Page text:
“A child can now be at greater risk sitting in a bedroom on a computer, than outside the school gates,” the Home Secretary has said.
Theresa May said cyber-crime was a serious problem which caused more losses than burglars stealing televisions and DVDs from homes.
The new National Crime Agency (NCA) would help tackle this and make people “feel safer”, she said.
In a key speech on police reform in central London, Mrs May outlined plans to give communities tougher protection from anti-social behaviour to put an end to the “horror stories” of victims being ignored despite making repeated complaints to the authorities about problem neighbours.
It comes after HM Inspectorate of Constabulary (HMIC) said last week that only a low number of crimes were recorded from anti-social behaviour cases and the identification of repeat, vulnerable and intimidated victims was “poor” at the first point of contact.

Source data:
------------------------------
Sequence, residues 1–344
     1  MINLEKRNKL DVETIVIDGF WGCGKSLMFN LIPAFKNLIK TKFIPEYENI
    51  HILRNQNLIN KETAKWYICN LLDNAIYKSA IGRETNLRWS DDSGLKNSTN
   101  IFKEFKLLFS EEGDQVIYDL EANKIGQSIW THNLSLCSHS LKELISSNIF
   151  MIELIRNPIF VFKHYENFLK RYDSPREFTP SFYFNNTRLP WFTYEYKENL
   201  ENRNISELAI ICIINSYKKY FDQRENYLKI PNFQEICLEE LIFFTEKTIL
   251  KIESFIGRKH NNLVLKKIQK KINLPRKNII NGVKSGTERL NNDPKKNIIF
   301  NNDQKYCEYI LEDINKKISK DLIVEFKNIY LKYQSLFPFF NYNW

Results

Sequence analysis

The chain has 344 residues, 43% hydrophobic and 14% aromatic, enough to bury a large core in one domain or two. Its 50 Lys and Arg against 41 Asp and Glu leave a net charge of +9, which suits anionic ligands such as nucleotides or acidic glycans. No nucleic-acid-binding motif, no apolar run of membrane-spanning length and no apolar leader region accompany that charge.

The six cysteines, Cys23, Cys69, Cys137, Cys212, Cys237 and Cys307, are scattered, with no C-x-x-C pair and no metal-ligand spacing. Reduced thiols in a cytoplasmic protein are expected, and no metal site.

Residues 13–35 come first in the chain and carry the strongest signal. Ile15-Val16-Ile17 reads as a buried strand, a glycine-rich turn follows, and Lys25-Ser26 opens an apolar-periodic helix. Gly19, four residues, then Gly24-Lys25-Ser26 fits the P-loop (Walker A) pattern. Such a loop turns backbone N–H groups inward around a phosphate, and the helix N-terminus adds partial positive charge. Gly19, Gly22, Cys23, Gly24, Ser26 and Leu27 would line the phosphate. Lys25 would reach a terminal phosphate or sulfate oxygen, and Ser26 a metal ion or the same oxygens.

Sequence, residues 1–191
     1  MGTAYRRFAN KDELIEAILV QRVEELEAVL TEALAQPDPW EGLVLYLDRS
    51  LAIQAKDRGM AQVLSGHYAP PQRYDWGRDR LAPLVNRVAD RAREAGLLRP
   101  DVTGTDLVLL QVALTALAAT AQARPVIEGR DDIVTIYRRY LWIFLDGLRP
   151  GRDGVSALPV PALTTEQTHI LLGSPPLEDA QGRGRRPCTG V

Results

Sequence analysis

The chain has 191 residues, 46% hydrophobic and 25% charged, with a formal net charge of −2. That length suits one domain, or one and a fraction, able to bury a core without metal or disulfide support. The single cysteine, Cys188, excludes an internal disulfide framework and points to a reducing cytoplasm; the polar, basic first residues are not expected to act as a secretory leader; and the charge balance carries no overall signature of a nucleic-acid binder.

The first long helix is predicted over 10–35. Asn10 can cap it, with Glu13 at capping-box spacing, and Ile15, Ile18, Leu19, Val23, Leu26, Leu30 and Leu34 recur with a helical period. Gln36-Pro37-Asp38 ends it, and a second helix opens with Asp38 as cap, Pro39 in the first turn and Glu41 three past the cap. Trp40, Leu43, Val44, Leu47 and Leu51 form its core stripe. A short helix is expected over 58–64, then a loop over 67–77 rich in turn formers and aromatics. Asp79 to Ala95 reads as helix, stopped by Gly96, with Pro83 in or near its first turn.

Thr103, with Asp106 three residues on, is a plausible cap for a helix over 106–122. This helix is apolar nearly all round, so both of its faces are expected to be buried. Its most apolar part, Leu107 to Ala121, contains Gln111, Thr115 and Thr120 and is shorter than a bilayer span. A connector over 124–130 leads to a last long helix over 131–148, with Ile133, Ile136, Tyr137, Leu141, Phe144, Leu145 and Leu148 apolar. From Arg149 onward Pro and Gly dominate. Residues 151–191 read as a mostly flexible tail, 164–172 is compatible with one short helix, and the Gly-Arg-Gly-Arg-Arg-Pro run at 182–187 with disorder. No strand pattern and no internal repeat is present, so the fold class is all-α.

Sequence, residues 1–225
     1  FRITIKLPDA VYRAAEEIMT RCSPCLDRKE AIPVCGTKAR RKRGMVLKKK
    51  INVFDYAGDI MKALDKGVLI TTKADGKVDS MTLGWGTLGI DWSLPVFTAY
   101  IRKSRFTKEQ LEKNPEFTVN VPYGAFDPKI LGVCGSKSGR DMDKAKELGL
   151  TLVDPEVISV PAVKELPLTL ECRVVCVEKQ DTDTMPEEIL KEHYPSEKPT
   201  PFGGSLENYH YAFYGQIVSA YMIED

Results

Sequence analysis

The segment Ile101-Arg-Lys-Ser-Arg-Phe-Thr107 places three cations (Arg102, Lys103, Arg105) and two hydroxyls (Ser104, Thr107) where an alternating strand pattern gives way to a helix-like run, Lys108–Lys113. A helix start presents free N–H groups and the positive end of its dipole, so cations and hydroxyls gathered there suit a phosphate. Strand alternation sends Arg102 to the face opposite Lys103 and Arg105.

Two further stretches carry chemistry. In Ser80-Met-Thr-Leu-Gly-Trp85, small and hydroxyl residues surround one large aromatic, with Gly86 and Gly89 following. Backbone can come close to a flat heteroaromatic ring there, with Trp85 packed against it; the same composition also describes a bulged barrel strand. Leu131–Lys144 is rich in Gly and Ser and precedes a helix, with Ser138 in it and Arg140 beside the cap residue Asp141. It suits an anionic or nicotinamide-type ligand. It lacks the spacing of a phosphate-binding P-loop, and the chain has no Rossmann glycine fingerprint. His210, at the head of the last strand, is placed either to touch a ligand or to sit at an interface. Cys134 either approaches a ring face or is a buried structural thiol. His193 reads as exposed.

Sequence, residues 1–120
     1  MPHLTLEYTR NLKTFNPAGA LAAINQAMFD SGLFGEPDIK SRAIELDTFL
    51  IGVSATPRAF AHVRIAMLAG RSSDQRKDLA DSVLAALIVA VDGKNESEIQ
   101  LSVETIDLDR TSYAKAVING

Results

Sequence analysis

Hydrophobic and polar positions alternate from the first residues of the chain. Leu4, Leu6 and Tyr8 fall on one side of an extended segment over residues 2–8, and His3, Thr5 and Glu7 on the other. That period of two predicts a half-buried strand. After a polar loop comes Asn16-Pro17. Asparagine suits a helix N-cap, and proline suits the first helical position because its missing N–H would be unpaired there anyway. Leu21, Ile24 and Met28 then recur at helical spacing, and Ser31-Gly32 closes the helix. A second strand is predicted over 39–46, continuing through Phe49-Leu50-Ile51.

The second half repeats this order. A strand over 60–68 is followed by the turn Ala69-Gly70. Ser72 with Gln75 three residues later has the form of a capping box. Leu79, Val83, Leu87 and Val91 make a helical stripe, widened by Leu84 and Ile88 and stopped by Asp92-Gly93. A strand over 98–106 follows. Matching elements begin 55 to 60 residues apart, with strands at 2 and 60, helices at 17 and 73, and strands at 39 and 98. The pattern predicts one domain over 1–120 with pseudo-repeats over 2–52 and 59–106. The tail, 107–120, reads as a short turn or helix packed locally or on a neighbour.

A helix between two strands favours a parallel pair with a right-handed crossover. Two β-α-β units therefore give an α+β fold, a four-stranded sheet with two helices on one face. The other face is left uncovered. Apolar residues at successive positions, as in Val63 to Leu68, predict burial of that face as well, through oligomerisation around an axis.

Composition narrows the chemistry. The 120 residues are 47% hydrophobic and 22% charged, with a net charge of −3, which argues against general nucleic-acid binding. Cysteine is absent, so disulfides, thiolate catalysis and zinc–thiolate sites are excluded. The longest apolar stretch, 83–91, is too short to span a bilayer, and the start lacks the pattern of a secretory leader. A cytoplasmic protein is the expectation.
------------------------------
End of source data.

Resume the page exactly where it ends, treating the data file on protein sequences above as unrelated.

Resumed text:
Mrs May said: “As well as growing, the threat from organised crime is also changing.
“Increasingly, the biggest criminal losses do not come from the burglar who breaks into houses to steal TVs or DVD players, but from the cyber criminal who raids bank accounts directly.
“A child can now be at greater risk sat in their bedroom on their computer than they are outside the school gates. And given the nature of the criminal threat, it is now no longer possible to keep communities safe through good local policing alone.
“Highly visible neighbourhood policing is vital, but it won’t deal with cyber crime. Arresting drug dealers is important, but it won’t stop the flow of drugs from overseas.”
She went on: “That’s why we need a powerful new crime-fighting force that works across different police forces and agencies, defending our borders, co-ordinating action on economic crime, protecting children and vulnerable people, and active in cyber space. That body will be the National Crime Agency.”